14 fresh July 2015 Edition
and prepare in the first place. There is certainly renewed interest in the rigour of our food safety systems, in the auditing of those systems and particularly approved supplier arrangements, and in having crisis management arrangements in place. The second aspect is about ensuring that your systems reflect the latest in best practice and research outcomes. We see this daily in areas such as the automotive industry, health care, entertainment, household appliances, energy generation. The list goes on. Just about everything we see and touch daily is constantly improving to the benefit of us as consumers, and so it should be with food safety as well. Not having adopted a new development that has been established through research is no excuse in the eyes of consumers. We consumers make our own long-term food and recreation choices about health and nutrition, but we don’t tolerate a lack of safety for a second. The Australian and New Zealand fresh produce industry came together to form the Fresh Produce Safety Centre in May 2014, to create a focus on research and outreach to inform and educate. Modelled on the Center for Produce Safety, the initiative was guided by Produce Marketing Association Australia-New Zealand and the University of Sydney and supported by those and other organisations along the fresh produce value chain. That support is both financial, with matching funds through Hor-
PHOTOGRAPH: ISTOCKPHOTO / XRENDER
More than 30 cases of the Hepatitis A virus were reportedly caused by frozen berries packaged in China.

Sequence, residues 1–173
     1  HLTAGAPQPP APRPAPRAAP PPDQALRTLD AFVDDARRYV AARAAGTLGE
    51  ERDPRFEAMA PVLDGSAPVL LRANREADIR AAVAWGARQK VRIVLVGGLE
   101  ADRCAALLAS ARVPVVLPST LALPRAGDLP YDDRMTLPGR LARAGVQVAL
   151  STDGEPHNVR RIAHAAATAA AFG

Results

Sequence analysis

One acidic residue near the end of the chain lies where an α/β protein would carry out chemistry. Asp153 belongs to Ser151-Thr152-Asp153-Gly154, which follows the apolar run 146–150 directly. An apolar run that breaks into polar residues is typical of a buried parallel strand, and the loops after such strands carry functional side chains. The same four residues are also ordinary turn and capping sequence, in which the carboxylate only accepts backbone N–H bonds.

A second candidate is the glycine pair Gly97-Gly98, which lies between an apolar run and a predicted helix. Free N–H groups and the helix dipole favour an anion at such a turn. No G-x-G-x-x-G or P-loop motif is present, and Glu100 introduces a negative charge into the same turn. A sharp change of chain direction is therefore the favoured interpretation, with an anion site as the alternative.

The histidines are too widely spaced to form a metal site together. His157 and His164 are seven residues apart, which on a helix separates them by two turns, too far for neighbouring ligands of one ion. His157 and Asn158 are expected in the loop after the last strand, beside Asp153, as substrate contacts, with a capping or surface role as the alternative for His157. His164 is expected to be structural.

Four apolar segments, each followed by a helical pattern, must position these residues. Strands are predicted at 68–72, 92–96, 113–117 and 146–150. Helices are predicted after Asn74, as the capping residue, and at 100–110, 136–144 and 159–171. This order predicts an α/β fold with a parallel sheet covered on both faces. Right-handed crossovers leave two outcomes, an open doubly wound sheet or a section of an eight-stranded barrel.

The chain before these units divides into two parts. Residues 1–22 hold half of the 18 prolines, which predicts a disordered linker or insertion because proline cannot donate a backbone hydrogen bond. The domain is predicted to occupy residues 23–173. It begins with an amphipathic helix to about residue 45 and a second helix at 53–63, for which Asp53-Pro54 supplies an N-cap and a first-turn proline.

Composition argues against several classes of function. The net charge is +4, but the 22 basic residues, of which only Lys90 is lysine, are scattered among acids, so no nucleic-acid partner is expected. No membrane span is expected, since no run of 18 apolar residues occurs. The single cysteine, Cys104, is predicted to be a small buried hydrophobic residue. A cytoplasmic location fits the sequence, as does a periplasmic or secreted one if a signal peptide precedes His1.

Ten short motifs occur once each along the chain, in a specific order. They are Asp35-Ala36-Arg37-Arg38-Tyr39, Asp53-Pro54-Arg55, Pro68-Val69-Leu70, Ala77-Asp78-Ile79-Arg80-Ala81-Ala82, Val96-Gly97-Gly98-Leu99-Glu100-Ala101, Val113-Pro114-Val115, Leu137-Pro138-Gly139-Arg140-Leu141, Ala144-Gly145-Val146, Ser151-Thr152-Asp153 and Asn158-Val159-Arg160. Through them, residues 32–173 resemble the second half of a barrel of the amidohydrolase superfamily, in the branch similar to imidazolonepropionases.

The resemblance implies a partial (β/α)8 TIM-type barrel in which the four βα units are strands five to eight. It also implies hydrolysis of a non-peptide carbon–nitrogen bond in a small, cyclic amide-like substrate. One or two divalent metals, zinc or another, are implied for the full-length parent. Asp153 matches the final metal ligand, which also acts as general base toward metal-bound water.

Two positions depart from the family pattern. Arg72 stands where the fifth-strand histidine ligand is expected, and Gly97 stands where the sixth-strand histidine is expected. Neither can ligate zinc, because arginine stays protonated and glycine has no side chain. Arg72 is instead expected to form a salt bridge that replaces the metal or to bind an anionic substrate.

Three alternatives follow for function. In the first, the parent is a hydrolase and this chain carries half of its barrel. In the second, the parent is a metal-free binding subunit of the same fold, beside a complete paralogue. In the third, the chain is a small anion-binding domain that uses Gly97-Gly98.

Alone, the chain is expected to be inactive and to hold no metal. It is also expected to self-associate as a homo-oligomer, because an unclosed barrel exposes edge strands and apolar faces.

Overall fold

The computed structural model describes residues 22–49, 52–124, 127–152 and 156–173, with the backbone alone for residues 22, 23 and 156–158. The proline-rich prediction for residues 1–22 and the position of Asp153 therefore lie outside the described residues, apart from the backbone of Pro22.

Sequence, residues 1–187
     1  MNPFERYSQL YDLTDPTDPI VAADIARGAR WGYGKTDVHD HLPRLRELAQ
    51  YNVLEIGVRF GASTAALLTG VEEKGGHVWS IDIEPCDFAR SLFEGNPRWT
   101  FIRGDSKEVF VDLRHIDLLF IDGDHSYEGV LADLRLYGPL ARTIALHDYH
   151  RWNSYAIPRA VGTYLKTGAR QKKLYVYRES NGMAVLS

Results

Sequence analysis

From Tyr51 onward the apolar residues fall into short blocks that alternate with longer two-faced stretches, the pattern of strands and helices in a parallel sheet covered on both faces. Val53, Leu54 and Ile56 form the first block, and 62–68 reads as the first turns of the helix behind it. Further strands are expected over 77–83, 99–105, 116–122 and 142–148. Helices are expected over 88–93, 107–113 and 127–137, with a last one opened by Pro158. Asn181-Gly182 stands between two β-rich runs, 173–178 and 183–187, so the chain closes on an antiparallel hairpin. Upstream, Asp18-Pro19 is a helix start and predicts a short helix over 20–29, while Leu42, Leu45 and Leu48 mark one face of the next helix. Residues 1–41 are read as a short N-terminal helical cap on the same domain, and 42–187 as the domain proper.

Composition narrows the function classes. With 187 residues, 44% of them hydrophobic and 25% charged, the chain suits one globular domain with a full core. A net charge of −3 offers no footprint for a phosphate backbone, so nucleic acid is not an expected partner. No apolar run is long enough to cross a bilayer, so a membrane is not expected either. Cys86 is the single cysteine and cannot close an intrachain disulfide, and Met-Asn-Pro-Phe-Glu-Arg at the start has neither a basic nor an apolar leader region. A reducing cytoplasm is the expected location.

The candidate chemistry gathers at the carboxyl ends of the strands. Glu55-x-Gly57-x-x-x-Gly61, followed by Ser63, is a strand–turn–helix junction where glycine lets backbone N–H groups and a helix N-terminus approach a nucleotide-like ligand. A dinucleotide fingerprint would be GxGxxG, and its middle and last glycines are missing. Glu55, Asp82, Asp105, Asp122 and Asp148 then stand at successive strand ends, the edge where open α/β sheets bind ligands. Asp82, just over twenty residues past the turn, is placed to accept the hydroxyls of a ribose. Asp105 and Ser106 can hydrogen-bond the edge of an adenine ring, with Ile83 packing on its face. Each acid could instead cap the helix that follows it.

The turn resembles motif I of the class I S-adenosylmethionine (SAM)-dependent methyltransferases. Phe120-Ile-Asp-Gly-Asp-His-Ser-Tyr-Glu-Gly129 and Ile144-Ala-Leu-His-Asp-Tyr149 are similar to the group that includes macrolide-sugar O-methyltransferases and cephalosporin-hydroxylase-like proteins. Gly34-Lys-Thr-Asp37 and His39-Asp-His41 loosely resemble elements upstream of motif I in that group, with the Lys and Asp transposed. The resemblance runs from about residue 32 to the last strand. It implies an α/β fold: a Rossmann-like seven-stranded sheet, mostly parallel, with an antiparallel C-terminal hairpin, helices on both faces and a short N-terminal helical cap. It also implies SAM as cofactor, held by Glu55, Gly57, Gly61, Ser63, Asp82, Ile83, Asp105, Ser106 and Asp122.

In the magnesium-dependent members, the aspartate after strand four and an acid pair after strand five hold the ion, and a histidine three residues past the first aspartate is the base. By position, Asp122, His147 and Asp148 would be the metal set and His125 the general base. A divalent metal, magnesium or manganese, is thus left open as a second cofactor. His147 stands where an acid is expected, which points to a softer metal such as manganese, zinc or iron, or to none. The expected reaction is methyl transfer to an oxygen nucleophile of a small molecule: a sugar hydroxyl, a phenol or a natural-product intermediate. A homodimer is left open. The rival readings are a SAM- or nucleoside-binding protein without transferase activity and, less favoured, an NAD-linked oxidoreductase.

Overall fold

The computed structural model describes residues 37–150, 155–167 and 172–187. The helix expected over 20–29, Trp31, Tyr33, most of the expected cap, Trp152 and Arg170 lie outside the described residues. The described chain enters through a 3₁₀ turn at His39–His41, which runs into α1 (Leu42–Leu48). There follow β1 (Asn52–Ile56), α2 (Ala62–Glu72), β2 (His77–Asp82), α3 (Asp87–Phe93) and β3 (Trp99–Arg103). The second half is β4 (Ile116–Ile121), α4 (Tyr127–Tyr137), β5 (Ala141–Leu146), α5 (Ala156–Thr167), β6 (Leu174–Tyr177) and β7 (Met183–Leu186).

ticulture Innovation Australia, and also in terms of the considerable voluntary time and effort contributed by individuals that is so much a part of how this industry makes progress. The Fresh Produce Safety Centre is encouraging best practice in food safety by recently commissioning two projects. These projects reflect industry priorities developed over the last 18 months and are funded entirely by generous industry members. The first project is called Understanding the Gaps (UtG). Industry considered that we didn’t need to undertake new applied research in microbiological contamination until we had a clear picture of the current global literature on the subject. We could then commission specific research if a relevant gap is identified. The UtG literature review will cover organic inputs and compost, water used pre-harvest, other production variables and storage and transport as a source of contamination. Additional work will review the literature relating to the interaction between sanitisers and fungicides. The output of this review will inform the second project of the Fresh Produce Safety Centre, that being to revise the Guidelines for On-Farm Food Safety for Fresh Produce. The guidelines have been used extensively for food safety training and other uses but have not been revised for a number of years. The scope will be deepened to incorporate aspects not covered earlier and extended beyond the farm gate into the value chain. The timing of both projects couldn’t be better. They prove to consumers via the media and to industry itself that the industry is not complacent about food safety, and the recent surge in interest will ensure rapid adoption of relevant findings. This proactive approach is certainly not alarmist or a knee-jerk reaction; the work of the Fresh Produce Safety Centre is there to get industry thinking about and acting on food safety hazards, risk assessments, and how to effectively prevent and prepare so that you don’t have to respond and recover.
The "Issues" issue about facing a global supply chain